New Legislature facing old issues


Saturday, February 5th 2005, 4:13 pm
By: News On 6


OKLAHOMA CITY (AP) _ A new Oklahoma Legislature featuring the first Republican House majority in more than eight decades is preparing to take on some old issues such as taxes, workers compensation reform and funding for schools and highways.

For the first time since the 1921-22 session, a Republican speaker will be in charge when the House convenes Monday at noon for a legislative session that must end by 5 p.m. on May 27.

He is Rep. Todd Hiett, a 37-year-old Kellyville rancher, who is eligible for only one two-year term as speaker because of 12-year limits on legislative service. Hiett is beginning his 11th year as a House member.

After brief sessions of the House and Senate, the two bodies will meet in joint session to hear Democratic Gov. Brad Henry deliver his third State of the State address and present his budget recommendations for the next fiscal year.

The first session of the 50th Oklahoma Legislature is remarkable because of the number of freshmen members _ 39 in the 101-member House and 15 in the 48-member House.

Mainly because of term limits, the House turnover is the biggest since court-ordered redistricting in 1965. The turnover in the Senate is the greatest in 15 years.

Democrat Cal Hobson of Lexington returns as president pro tem of the Senate. He will preside over a slim 26-22 majority, with 25 votes needed to pass a bill.

Republicans hold a 57-44 majority in the House after an impressive showing in the November general election. Only 51 votes are required for passage of legislation.

Rep. Jari Askins, D-Duncan, heads up the new Democratic minority. She also is in her final two-year term.

Another first for the House is that the speaker pro tem is a woman _ Rep. Susan Winchester, R-Chickasha.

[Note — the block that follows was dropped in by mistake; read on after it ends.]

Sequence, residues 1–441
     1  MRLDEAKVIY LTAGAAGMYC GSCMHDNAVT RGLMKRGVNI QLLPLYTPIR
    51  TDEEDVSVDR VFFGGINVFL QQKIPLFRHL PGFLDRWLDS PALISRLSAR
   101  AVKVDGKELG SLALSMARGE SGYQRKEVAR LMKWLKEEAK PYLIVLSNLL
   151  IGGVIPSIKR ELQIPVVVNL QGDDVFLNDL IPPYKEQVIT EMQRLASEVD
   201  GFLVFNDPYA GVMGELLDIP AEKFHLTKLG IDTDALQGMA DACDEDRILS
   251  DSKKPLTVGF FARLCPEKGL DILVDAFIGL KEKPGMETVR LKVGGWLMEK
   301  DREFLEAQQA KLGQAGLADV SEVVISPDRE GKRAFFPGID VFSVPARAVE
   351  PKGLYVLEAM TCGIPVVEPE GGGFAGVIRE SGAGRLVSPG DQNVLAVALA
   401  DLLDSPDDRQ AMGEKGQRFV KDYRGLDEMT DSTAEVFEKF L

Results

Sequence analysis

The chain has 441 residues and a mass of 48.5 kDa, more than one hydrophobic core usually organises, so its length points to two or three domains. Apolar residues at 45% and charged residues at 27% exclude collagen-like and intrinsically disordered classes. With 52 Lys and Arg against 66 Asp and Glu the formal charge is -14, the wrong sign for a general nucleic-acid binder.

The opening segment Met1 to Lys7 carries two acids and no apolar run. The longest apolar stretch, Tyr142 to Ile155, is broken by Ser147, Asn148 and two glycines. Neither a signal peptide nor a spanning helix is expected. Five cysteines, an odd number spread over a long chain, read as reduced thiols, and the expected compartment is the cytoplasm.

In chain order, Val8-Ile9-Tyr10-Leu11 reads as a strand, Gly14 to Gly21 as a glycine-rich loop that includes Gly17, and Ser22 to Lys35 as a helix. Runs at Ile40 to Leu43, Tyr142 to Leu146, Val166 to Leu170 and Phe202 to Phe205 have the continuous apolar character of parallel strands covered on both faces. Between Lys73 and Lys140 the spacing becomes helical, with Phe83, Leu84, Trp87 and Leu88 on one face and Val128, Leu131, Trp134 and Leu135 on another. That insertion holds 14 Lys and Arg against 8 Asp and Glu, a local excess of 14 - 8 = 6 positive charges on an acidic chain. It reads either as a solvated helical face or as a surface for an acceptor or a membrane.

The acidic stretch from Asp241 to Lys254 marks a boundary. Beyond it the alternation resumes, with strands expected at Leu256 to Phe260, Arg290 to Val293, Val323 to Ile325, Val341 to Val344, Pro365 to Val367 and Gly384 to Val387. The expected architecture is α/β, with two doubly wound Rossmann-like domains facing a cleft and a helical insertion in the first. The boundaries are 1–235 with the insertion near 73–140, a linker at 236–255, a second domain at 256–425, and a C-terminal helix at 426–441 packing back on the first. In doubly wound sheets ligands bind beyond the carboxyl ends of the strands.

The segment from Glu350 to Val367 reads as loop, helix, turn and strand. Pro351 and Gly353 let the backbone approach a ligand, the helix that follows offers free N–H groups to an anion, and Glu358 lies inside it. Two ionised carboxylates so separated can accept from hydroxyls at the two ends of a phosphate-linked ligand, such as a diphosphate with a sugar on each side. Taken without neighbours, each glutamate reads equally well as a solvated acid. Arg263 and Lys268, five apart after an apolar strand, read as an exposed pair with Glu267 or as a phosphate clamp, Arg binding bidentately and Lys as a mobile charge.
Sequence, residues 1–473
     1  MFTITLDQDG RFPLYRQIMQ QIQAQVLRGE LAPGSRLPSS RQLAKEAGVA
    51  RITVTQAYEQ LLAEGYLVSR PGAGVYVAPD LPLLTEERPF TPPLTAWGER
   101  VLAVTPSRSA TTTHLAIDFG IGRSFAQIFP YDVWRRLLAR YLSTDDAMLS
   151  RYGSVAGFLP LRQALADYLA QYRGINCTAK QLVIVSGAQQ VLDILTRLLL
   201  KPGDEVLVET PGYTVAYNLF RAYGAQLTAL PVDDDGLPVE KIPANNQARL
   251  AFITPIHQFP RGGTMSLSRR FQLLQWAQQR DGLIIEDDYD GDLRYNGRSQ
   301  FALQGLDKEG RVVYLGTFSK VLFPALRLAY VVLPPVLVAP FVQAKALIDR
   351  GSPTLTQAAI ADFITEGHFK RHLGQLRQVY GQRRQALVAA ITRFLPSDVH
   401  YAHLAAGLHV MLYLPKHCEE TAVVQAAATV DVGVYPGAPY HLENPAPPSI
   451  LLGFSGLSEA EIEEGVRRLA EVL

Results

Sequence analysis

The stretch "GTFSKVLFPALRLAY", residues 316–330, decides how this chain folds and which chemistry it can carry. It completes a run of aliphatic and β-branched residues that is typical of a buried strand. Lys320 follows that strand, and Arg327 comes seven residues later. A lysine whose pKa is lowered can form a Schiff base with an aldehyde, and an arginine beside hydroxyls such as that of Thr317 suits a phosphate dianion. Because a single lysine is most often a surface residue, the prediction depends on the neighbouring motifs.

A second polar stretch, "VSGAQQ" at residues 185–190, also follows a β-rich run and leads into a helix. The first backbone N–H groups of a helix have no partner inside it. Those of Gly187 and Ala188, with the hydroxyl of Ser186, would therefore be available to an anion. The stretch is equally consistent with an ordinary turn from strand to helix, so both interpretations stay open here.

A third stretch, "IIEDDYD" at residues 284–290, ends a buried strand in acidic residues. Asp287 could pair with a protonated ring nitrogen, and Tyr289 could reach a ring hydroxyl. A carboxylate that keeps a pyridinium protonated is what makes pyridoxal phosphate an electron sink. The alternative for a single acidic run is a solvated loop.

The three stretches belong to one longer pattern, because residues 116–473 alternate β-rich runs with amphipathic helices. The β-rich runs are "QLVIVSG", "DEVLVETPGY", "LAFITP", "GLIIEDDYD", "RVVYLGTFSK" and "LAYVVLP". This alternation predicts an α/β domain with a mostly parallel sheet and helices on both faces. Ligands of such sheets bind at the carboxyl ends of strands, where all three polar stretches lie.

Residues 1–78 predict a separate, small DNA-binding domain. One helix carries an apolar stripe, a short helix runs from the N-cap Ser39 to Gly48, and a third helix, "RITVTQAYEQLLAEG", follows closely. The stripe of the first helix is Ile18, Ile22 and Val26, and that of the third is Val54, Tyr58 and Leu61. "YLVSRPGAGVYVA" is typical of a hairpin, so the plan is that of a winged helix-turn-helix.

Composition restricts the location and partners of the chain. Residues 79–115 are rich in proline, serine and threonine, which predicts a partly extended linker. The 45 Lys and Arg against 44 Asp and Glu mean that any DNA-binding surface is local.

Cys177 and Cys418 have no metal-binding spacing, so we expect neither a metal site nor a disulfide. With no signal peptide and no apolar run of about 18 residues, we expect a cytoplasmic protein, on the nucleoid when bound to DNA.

Although there are a lot of new faces at the Capitol, most of the issues are familiar ones.

Thanks to an improving economy, lawmakers will have $370 million more to spend this year in a $5.8 billion budget.

Henry has already rolled out much of his program, including a $114 million initiative for common schools, a $500 million bond program for colleges and universities and a plan to give income tax rebates of up to $100 and invest heavily in high tech research.

Like Hiett, Henry is advocating changes in the workers compensation system to cut costs for employers.

The governor also is pushing a proposal to bring cheaper, imported drugs to Oklahoman, as long as they are approved by the Federal Drug Administration.

Hiett has made work comp reform his No. 1 priority and also says he will fight hard for lawsuit reform. Hobson sees the college bond issue as his top issue.

Henry's school plan includes $58 million to fund part of a four-year plan to bring the salaries of Oklahoma teachers to the regional average.

He also is stressing funding for teacher health insurance, all-day kindergarten and college scholarships.

House Republicans are sponsoring legislation calling for consolidating administrative functions of some school districts, a plan some Democrats say is a step toward merging scores of rural schools.

Henry's tax plan proposes setting aside $100 million in excess funds for tax rates and another $63 million for income tax relief for retirees, capital gains cuts for business and reducing estate taxes.

Much debate is expected over highway funding in what Henry says will be a tight budget year after commitments on teacher and state employee pay raises are kept.

Republicans are backing legislation to redirect some vehicle tag money that now goes to counties, schools and other entities to the highway program.

The highway debate will occur against the backdrop of an initiative petition drive that proposes to raise gasoline taxes by 5 cents per gallon and diesel taxes by 8 cents a gallon. That would raise an estimated $150 million a year. Petitions proposing the tax are now awaiting approval in the Supreme Court, with sponsors hoping for a vote this year.

The new House administration got off the a rocky start after Democratic outcries over the mass firing of House employees and new rules Democrats said increased the speaker's power.

Hiett also announced that House Republicans would come up with their own college bond program, expressing concern over whether it is prudent to use new lottery funds to retire the bond debt.

Hobson accused Hiett of playing politics with college projects that are critically needed. He challenged Hiett to come up with an alternative funding source if he did not like to use lottery funds.

Both sides have predicted the new makeup of the Legislature will not result in gridlock, but Hobson issued a warning last week during a symposium sponsored by The Associated Press.

``I see the glass as more than half full,'' Hobson said. ``If it's my way or the highway, we're certain to fail. This is a democracy, not an autocracy.''